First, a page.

The Hong Kong Stock Exchange (SEHK) is the second largest Asian stock exchange (the largest being the Tokyo stock exchange), and is located in Hong Kong, China. The SEHK ranks sixth the global list of stock exchanges, coming in behind Euronext. A regular market day in Hong Kong begins with a pre-opening session from 9 a.m. to 9:30 a.m. which sets the opening prices of securities at 9:20 a.m. Opening hours are observed from 9:30 a.m. to 4:00 p.m., with an hour-long lunch break between noon and 1 p.m. during which very few securities continue to be exchanged.
The History of SEHK
Securities trading is nothing new in China as reports on trading date back to the mid-19th century. It was not until the late-19th century, however, and specifically in the year 1891, that the Association of Stockbrokers in Hong Kong was established as the first formal market. In 1914, the Association changed its name to the Hong Kong Stock Exchange.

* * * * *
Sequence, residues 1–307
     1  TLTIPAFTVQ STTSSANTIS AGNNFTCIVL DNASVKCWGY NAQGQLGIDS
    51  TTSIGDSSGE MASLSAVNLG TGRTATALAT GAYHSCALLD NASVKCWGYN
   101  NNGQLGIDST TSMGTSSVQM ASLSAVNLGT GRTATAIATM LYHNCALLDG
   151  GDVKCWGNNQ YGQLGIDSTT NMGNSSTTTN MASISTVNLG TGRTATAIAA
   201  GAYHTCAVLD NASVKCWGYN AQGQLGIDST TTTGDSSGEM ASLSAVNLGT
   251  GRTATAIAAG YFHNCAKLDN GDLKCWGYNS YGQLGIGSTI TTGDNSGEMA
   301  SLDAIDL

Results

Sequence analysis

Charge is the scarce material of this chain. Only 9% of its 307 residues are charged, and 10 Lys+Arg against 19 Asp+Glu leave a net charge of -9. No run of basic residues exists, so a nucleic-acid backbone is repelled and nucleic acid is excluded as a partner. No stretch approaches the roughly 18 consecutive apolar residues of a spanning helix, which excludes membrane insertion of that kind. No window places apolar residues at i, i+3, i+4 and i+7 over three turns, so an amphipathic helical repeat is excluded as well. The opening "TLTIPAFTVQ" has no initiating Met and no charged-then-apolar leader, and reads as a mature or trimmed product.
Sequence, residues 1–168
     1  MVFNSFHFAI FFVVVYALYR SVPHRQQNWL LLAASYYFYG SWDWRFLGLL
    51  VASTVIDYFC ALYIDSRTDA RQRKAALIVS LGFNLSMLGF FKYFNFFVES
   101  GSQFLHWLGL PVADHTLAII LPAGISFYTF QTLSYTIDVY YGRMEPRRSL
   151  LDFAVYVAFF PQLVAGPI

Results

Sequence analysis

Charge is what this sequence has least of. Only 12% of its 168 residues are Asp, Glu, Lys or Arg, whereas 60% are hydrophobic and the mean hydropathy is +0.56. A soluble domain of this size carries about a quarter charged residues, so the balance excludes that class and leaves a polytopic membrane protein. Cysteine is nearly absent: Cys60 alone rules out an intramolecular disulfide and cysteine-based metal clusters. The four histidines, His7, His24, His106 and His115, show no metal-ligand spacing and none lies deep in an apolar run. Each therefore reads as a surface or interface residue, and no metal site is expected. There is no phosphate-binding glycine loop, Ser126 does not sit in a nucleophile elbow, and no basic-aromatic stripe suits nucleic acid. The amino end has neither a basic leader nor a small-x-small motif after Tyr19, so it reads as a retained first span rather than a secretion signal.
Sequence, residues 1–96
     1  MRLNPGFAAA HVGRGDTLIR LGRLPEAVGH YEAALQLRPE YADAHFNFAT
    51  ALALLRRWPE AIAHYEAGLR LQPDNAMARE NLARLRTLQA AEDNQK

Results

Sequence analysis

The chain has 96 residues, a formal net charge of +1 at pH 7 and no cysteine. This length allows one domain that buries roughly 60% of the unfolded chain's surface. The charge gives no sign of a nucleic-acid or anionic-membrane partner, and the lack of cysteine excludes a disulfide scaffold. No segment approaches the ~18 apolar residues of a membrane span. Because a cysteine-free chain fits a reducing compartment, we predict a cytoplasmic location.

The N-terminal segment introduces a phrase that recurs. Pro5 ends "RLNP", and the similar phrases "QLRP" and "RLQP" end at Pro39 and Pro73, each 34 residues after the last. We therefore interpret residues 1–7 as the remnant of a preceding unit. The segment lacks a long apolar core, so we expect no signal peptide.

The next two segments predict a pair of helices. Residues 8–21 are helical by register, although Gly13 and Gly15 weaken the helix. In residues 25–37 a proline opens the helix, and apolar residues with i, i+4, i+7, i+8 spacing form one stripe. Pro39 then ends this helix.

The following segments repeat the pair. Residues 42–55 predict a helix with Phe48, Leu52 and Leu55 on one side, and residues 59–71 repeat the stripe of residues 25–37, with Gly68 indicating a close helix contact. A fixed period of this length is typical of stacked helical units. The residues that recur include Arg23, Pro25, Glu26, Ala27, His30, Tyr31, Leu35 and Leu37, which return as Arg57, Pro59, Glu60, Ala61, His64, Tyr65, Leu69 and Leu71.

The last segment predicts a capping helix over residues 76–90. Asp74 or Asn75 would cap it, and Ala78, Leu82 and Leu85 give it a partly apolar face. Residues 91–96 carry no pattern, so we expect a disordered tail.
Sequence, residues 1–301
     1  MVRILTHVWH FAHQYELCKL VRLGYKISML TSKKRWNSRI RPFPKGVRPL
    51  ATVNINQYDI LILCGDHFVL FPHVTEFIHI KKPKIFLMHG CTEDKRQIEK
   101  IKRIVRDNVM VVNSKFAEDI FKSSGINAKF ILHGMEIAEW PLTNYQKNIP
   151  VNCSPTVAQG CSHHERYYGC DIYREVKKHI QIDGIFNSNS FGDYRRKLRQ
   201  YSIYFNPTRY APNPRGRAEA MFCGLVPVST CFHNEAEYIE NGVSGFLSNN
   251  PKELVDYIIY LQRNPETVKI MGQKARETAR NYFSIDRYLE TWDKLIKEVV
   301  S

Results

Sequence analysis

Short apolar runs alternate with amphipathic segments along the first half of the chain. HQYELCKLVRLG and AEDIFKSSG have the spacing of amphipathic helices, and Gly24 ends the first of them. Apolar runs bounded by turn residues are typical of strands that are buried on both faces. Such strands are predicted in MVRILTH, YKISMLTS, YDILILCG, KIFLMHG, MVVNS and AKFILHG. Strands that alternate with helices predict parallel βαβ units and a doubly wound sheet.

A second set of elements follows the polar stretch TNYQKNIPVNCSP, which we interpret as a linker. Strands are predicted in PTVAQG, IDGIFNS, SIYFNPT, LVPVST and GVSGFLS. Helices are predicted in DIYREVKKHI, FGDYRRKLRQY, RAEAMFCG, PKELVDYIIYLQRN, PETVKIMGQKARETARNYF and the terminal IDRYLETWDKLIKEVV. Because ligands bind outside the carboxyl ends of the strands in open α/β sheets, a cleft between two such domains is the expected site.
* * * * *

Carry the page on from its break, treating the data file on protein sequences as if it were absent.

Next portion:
The Hong Kong Stock Exchange merged with the Hong Kong Stockbroker’s Association, which had been established in 1921, and working together the two newly-merged institutions re-installed the stock market after the Second World War. The quick expansion of Chinese economy saw the creation of three other stock exchanges in the 1960s and 1970s. By 1980, the need of centralisation of the highly diffused market called for stricter regulations which lead to the creation of SEHK, the Stock Exchange of Hong Kong Limited, which incorporated all four previously existing markets. The four individual exchanges officially went out of business on 27th March 1986, and all trading took place under the new SEHK via a computer-aided system on 2nd April 1986.
Electronic trading was initially introduced to the operations of the Hong Kong Stock Exchange on 1st November 1993 through the “Automatic Order Matching and Execution System,” AMS/1; the second phase of the system was incorporated in January 1996 as AMS/2. This system became the basis for all off-floor trading and it was complete and finalised on 23rd October 2000 with the implementation of AMS/3.